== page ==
Australia Could Teach America a Thing or Two about Legal Reform
I spent two weeks in Australia in May, meeting Australian judges, lawyers, law professors, deans, and legal service providers. I spoke at a conference dedicated to examining the role of empirical data in legal system reform, visited two Family Relationship Centres, and horrified a group of Australian judges by detailing how judges are elected in partisan elections in some states in the United States.
The whole experience confirmed my notion that Australia is leading the way in legal system reform. We have much to learn from them. For example, they have transformed their family justice system to make it far less adversarial, more child-focused, and more accessible. They created Family Relationship Centres, where families have access to mediation and therapy services at affordable rates (sometimes even free). Families must receive a certificate from an FRC stating that they tried to resolve their issues in that forum or are ineligible for one of a number of identified reasons before they can even file a case in court concerning divorce or parenting time.
They have been improving access to the civil justice system for over a decade, intent upon reducing costs and minimizing delays. They have developed pre-action protocols which require the parties to exchange information very early in the process—sometimes even before filing. Discovery is quite limited, and within the control of the court, and reform efforts look to empirical data to measure success.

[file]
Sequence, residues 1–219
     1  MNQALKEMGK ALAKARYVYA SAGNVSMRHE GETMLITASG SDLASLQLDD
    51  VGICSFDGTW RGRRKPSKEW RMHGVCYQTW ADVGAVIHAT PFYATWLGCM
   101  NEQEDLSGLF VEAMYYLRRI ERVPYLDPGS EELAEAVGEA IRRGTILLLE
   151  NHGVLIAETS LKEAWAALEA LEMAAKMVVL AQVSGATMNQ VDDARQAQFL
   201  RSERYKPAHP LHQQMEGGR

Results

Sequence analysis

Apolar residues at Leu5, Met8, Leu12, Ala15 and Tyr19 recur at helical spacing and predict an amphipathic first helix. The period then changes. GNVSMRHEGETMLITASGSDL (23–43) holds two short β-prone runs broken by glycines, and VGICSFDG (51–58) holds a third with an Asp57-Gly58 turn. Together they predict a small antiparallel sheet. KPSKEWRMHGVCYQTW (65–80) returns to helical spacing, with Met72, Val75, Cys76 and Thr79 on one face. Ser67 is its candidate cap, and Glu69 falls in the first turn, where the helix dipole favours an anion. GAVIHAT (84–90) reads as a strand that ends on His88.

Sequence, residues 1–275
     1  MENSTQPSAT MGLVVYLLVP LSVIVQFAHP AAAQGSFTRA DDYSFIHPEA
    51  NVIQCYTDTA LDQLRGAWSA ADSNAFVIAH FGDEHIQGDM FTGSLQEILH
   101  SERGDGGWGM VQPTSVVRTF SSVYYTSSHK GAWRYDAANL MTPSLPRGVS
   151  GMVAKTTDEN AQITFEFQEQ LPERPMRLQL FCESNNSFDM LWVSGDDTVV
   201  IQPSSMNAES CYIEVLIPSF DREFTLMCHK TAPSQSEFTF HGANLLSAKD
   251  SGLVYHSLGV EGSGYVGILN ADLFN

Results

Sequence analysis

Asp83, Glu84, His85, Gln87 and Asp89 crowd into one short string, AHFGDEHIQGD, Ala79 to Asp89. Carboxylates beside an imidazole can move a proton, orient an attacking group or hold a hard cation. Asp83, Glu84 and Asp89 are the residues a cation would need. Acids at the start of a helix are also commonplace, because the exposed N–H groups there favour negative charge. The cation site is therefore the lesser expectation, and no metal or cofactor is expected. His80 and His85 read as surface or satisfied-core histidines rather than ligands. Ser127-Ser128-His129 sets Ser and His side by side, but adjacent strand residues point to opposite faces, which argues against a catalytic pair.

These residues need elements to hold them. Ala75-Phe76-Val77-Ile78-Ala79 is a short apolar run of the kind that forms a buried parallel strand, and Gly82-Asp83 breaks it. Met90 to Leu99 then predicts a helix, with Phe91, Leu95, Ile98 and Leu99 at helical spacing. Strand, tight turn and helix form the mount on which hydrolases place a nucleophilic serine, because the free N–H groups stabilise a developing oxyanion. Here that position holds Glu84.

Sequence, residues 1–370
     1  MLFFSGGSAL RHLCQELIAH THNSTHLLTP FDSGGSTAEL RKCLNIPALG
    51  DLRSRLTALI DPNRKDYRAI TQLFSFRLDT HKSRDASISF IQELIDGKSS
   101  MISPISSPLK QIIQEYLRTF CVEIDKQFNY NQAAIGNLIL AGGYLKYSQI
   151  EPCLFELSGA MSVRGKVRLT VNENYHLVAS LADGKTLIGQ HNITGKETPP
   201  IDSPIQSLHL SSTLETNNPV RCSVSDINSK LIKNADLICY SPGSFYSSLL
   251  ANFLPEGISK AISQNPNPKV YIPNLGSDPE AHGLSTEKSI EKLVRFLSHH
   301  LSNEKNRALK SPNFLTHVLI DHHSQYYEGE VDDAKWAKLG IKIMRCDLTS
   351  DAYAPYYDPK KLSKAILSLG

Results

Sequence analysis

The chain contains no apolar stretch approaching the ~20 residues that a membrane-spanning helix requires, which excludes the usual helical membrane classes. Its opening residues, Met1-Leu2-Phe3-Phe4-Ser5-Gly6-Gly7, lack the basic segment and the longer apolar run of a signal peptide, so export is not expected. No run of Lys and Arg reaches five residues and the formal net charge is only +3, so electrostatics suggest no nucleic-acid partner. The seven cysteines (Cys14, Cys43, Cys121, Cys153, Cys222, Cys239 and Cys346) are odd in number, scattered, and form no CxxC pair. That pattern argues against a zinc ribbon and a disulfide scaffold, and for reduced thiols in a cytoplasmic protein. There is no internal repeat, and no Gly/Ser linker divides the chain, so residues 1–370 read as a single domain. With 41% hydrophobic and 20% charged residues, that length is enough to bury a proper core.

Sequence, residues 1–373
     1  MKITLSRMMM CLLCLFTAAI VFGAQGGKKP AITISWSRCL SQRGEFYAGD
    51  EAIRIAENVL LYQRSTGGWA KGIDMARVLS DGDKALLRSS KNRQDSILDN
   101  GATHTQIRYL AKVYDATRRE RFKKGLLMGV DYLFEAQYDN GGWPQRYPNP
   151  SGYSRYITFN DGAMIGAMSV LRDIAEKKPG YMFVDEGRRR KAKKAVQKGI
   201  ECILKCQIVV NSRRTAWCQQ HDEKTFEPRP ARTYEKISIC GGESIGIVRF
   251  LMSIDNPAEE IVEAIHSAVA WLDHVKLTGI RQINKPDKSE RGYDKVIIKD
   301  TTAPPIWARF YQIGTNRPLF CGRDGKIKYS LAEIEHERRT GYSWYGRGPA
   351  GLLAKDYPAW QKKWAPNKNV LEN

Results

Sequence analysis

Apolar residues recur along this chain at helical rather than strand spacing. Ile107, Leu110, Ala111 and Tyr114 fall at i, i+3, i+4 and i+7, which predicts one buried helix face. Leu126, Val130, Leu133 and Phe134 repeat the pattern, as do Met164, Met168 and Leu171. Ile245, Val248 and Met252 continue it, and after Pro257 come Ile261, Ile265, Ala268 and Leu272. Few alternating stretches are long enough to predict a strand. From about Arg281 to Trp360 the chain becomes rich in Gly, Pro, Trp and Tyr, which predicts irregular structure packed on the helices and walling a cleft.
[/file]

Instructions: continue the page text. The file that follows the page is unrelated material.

Since 2007, Australia has permitted the establishment of multi-disciplinary practices, which can include lawyers and other professionals (such as accountants, financial advisors, or real estate specialists) and have permitted the ownership of law firms by non-lawyers. Both are based on efforts to better serve clients.
The provision of legal services is also far more robust than in the United States—for low income as well as moderate income clients—across a variety of subject matter areas, including domestic relations.
Australia has a Law Reform Commission that forwards and funds a number of reform efforts, including legislative as well as rules-based.
Legal education reform is also under way, with an understanding that law students need training in skills, values, and ethics as well as substantive law—and that skills can only truly be taught in experiential course offerings.
In short, Australia is worth watching. Our legal culture differs from theirs; our challenges differ to some extent as well. But, many of the objectives are the same across the ocean. We would do well to learn from their successes—and, of course, their failures. Tania Sourdin, formerly of Monash University and now Dean of the University of Newcastle School of Law, was my host for part of the trip. She is an internationally known proponent of justice system reform, based upon empirical and consensus-driven models. Tania says that in her country, “justice is the business of the whole society, not just the courts.” At the very least, we would do well to stand on their shoulders as they identify techniques that work.